Red leather spine and corners with gilt banding and title. Textured red boards.
F.B.A. provides an in-depth photographic presentation of this item to stimulate your feel and touch. More traditional book descriptions are immediately available.
A lovingly used copy which still provides a minefield of information
William Clark Russell (24 February 1844 – 8 November 1911) was an English writer best known for his nautical novels. At the age of 13 Russell joined the United Kingdom’s Merchant Navy, serving for eight years. The hardships of life at sea damaged his health permanently, but provided him with material for a career as a writer. He wrote short stories, press articles, historical essays, biographies and a book of verse, but was known best for his novels, most of which were about life at sea. He maintained a simultaneous career as a journalist, principally as a columnist on nautical subjects for The Daily Telegraph.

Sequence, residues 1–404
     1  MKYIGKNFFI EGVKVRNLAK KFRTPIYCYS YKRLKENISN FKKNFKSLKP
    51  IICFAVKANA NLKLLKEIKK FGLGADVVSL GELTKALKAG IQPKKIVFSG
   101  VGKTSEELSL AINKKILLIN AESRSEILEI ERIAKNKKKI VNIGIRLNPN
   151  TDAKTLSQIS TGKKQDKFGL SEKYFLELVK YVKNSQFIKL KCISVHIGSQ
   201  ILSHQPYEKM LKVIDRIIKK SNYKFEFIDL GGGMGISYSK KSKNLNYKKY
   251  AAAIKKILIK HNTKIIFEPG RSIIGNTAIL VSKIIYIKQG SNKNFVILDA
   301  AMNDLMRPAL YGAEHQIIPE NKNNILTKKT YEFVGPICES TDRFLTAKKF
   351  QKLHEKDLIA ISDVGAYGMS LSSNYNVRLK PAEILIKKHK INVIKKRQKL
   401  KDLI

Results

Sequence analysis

Russell campaigned for better conditions for merchant seamen, and his work influenced reforms approved by Parliament to prevent unscrupulous ship-owners from exploiting their crews. His influence in this respect was acknowledged by the future King George V. Among Russell’s contemporary admirers were Herman Melville, Algernon Swinburne and Sir Arthur Conan Doyle.
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